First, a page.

- Storing temporary user data: Temporary data includes search results, form state, or a guest’s shopping-cart contents that don’t need to be preserved over the long term.
6. Don’t Use SingleThreadModel
Using of SingleThreadeModel is not be the best practices so think several times before using this. I mean to say, use this when you have sufficient compelling reason to have it. This interface was intended to make life easier for programmers concerned about thread safety, but the simple fact is that
SingleThreadModel does not help.
7. Use of Caching
Pre-cooked or ready to use data and caching of content can be key to providing your site visitors with a quality experience. So , use wherever required, specially in Restful Web Services.
// This content will expire in 24 hours. long t = System.currentTimeMillis() ; response.setDateHeader("Expires", t + 24*60*60*1000); response.setDateHeader("Date", new Date());
8. Choose the Right Servlet Framework
Choosing the framework is not so easy, especially, when you have a lot of options available. So, invest your time to do the proper analysis which must fulfill your requirement. As per my understanding is concerned, nothing is best or worst practices. Yesterday’s best practices may be worst practices for today, everything is contextual. As per the time, requirement and context also changing. Be careful to choose the servlet Framework, nowadays, Spring application framework can be but think twice whether your requirement and context fulfilled or not.
9. Tips for selecting a framework
Before choosing a servlet framework, it’s important that you should consider its feature list. Following are some of the features that frameworks provide. Not all frameworks support all these features, nor should this sort list be considered exhaustivly.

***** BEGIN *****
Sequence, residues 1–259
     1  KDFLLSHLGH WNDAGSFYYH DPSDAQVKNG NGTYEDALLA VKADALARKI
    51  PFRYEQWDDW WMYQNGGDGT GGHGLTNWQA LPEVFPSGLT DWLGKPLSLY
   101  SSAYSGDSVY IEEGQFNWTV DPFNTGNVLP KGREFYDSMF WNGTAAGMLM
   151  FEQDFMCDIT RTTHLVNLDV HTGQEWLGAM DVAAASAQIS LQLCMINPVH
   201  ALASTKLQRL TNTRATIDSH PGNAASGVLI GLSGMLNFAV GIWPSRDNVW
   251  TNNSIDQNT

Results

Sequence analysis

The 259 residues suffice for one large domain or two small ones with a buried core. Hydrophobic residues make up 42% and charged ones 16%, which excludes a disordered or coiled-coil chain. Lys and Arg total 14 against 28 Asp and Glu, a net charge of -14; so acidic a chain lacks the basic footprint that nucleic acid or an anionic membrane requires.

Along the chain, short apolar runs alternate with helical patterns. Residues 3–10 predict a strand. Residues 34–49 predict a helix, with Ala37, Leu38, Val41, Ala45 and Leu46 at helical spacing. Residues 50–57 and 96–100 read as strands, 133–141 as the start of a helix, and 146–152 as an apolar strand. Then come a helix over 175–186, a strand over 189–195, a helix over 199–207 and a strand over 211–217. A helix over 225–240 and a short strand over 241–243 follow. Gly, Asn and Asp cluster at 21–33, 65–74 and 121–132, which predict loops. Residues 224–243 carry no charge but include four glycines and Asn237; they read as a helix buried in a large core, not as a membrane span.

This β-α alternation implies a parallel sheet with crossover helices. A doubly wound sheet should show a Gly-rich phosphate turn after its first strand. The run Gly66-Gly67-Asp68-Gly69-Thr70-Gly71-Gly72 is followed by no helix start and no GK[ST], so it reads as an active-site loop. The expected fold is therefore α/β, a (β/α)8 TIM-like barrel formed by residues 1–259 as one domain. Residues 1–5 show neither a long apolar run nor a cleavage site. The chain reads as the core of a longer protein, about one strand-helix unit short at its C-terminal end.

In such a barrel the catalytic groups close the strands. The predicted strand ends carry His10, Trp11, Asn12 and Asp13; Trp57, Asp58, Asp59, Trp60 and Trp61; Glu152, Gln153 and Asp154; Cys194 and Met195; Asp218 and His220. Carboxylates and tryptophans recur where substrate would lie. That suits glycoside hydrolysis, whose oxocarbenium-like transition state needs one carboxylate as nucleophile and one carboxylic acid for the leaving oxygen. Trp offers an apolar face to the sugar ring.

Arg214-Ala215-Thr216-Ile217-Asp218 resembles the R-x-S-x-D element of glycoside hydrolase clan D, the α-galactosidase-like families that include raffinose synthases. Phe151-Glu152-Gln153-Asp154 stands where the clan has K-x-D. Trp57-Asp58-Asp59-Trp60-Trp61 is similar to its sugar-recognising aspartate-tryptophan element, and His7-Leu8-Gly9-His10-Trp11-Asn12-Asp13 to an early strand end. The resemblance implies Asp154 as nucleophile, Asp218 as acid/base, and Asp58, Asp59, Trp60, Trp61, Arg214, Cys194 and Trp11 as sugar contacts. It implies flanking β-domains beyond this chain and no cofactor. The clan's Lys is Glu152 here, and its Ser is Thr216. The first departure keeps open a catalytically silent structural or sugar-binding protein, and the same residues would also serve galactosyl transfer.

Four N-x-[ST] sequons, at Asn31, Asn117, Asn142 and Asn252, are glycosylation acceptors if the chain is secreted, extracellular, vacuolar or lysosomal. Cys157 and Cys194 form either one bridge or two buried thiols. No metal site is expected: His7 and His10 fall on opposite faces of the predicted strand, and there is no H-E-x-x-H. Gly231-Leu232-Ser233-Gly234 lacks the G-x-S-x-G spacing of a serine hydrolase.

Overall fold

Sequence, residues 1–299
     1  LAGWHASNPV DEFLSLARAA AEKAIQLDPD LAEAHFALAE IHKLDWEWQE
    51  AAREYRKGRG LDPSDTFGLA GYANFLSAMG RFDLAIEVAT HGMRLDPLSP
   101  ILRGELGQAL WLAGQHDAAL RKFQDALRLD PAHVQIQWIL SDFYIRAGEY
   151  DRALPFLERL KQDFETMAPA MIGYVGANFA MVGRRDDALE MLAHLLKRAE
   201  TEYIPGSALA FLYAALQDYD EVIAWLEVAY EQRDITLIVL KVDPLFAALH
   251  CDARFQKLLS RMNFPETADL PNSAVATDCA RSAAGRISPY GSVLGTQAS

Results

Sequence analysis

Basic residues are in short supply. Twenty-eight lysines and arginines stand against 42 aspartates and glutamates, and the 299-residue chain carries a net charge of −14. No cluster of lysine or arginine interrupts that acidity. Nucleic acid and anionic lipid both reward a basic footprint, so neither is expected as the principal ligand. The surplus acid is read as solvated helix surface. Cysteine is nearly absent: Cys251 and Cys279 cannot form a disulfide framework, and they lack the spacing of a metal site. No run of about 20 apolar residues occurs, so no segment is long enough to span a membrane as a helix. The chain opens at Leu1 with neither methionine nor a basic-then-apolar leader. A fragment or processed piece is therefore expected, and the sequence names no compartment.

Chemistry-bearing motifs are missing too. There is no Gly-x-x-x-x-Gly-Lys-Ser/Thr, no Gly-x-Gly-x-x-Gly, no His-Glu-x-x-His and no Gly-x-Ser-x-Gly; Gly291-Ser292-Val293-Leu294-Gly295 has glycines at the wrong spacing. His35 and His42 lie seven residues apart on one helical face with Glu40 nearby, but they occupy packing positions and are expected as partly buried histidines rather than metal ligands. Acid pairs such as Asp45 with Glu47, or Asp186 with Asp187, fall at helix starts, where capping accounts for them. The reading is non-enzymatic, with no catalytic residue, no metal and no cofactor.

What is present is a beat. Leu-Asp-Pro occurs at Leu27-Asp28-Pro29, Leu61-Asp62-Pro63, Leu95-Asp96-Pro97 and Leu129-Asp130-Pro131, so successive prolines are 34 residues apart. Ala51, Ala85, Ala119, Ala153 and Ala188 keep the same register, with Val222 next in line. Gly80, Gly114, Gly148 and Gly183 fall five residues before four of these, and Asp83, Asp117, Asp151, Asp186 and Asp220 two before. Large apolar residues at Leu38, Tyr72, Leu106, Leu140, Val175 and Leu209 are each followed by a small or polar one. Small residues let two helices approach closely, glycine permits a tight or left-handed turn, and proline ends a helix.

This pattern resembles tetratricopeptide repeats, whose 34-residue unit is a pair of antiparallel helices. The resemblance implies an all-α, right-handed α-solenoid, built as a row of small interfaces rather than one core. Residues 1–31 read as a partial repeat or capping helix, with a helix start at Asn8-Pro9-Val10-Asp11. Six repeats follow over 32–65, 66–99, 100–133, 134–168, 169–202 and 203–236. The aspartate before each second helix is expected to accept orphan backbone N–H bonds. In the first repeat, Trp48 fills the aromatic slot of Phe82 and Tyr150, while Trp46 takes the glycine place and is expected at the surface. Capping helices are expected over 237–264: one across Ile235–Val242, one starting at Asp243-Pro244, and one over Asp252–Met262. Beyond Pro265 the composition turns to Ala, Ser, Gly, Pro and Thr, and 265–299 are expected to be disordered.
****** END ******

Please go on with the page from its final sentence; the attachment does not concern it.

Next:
- Form validation: Frameworks commonly provide tools to validate form data, allowing the framework to sanity-check parameters before the servlet even sees the data, for example. Some allow for easy development of “form wizards” with Next/Previous buttons and maintained state.
- Error handling: Some frameworks include advanced or custom error handling, such as sending alert emails, logging errors to a special data store, or autoformatting errors to the user and/or administrator.
- Internationalization & Nationalization :
Nationalization(n10n) is always a challenge, but some frameworks have features and idioms that simplify the process.
- Integration with a template language: Some frameworks integrate with a specific template language. Others have a pluggable model to support many templates, although they’re often optimized for one template language. If you prefer a particular template language, make sure the framework supports it well or not.
- Security integration: The default servlet access control and security model works for simple tasks but isn’t extensible for more advanced needs. Some frameworks provide alternative security models, and many support pluggable security models.
- Support of designer/developer separation: One of the common goals in web application development is to effectively separate the developer’s responsiblities from the designer’s responsibilities. Choosing the right template language helps here, but the framework choice can have even more impact. Some enable the separation of concerns, some enforce it.
- Mechanisms to support web services: With the growing interest in web services, it’s common to see new frameworks centered around web services feature.
You can visit Oracle Java: Servlets and JSP Pages Best Practices for more details.